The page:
"In a pinch it might be used as a screwdriver to help field strip a weapon, cut seams on a uniform, or scrape mess kits clean. To accomplish a mission it could strike flint, measure inches, strip wire, deflate tires, adjust a carburetor, or pick inside a wound. Need a box cutter, marking tool, or decorations on a makeshift Christmas tree?"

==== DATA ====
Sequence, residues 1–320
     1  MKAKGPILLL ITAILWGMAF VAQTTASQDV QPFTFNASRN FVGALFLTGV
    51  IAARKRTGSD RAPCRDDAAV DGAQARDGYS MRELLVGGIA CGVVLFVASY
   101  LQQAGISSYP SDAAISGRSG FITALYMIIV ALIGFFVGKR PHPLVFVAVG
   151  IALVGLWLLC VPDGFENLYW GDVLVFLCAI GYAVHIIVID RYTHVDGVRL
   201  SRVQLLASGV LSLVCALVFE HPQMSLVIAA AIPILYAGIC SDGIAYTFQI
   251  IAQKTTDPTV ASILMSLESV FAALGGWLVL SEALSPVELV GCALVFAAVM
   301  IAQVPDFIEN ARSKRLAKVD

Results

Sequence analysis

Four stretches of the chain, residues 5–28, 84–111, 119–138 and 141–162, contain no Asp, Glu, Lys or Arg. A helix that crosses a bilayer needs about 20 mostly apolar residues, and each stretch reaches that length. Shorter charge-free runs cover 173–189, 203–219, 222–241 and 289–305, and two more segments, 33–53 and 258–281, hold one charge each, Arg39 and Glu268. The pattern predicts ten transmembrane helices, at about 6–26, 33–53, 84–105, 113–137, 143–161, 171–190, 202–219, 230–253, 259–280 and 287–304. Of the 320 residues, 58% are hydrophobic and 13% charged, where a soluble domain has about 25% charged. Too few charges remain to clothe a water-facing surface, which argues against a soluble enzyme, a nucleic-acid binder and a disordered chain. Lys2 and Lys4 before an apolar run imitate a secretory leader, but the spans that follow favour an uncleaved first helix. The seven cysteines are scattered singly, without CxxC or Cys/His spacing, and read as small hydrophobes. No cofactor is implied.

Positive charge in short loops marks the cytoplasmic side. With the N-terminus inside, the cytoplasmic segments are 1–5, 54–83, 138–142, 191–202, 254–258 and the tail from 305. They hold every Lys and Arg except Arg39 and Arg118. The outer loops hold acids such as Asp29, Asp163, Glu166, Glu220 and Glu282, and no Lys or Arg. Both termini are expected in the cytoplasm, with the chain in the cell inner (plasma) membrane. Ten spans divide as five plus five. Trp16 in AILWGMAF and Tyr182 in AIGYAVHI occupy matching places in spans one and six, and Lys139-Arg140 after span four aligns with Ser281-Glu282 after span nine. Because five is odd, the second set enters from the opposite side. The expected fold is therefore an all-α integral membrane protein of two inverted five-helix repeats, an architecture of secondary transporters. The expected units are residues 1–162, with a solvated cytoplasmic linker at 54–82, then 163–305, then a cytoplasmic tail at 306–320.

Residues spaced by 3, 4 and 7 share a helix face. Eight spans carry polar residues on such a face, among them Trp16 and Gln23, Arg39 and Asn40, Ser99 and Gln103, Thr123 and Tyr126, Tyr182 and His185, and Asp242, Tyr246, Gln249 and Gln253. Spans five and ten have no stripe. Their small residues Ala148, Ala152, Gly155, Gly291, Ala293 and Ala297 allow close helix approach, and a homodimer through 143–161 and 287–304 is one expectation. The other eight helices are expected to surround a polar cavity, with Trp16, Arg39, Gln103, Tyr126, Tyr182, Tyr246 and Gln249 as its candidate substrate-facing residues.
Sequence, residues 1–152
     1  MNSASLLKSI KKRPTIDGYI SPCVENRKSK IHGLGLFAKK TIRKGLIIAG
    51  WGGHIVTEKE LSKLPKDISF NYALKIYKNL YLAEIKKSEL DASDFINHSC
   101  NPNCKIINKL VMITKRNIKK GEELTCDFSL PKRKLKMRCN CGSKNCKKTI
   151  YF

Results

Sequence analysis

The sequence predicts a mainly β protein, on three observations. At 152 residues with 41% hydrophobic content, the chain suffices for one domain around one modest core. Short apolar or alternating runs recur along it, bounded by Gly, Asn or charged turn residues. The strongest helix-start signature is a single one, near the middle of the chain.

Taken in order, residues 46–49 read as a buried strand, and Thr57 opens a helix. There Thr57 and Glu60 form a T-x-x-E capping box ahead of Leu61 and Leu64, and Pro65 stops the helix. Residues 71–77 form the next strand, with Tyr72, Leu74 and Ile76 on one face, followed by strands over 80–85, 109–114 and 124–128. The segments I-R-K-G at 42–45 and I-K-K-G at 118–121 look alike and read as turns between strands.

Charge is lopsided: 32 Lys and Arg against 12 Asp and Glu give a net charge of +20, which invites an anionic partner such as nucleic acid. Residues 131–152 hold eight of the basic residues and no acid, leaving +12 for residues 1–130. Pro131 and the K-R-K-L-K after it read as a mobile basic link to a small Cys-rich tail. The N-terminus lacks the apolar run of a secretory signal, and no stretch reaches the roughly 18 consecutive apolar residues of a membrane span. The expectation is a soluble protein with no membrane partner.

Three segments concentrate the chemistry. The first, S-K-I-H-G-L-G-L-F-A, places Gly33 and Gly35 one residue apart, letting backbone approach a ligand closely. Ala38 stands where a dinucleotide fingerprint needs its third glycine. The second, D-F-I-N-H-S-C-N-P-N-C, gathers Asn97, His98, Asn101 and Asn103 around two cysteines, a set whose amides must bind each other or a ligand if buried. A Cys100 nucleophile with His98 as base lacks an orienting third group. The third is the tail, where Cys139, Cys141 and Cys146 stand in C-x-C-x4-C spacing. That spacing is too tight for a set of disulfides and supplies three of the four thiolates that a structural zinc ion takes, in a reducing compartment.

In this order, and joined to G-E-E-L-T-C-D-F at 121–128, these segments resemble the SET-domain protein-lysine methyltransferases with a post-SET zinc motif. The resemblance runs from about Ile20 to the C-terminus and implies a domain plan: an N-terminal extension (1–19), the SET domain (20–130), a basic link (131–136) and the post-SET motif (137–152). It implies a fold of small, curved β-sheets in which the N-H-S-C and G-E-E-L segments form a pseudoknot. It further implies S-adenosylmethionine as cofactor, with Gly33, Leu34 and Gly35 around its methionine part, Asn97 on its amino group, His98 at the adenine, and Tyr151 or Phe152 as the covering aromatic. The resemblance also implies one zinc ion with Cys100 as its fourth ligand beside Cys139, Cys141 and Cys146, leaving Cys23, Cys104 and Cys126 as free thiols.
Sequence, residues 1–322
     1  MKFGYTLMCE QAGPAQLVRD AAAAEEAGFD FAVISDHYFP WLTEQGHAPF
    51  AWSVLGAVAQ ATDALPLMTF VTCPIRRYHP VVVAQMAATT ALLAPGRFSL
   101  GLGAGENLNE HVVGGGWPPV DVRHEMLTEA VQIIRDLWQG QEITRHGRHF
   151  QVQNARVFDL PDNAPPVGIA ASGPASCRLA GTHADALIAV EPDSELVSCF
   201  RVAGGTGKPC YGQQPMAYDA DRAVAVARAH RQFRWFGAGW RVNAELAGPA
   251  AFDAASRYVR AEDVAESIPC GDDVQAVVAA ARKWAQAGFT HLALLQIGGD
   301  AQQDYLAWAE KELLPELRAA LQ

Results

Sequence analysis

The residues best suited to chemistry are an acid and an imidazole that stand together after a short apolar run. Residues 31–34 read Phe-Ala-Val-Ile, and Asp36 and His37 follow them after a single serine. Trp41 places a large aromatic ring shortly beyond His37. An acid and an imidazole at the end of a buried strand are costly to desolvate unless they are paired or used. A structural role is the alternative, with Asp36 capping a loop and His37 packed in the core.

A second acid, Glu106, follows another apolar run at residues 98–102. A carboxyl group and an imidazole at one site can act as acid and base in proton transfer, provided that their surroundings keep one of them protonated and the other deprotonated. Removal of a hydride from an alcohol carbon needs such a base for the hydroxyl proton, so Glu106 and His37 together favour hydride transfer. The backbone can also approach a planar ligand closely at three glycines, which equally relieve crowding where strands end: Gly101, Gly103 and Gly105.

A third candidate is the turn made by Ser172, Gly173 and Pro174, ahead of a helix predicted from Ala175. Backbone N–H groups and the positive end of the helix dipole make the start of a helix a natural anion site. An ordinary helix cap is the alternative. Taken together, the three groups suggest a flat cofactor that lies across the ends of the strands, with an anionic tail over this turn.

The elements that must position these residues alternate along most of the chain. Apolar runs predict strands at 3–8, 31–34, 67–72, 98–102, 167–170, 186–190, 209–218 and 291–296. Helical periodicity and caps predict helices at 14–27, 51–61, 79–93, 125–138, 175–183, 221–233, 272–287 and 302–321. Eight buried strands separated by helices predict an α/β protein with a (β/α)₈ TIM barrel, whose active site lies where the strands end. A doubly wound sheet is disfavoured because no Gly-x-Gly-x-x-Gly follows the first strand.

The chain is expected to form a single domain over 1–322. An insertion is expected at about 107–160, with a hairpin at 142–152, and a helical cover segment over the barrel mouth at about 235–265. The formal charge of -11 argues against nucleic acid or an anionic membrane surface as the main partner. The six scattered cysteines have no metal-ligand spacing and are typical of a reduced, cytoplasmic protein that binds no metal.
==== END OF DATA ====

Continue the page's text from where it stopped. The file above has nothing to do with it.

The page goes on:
The article claims that it was not named after the airplane, and that some suspect that it and its bigger "also-not-named-after-an-airplane" brother the P-51 were named after the number of squeezes needed to open a can. I humbly submit that it probably was named in honor of the plane, especially given the second name. Looked at from the side by a child or a tipsy adult, the tool has an airplane look to it. I have a mental picture of a couple of little boys playing zoom zoom airplane with prototypes that daddy brought home from work.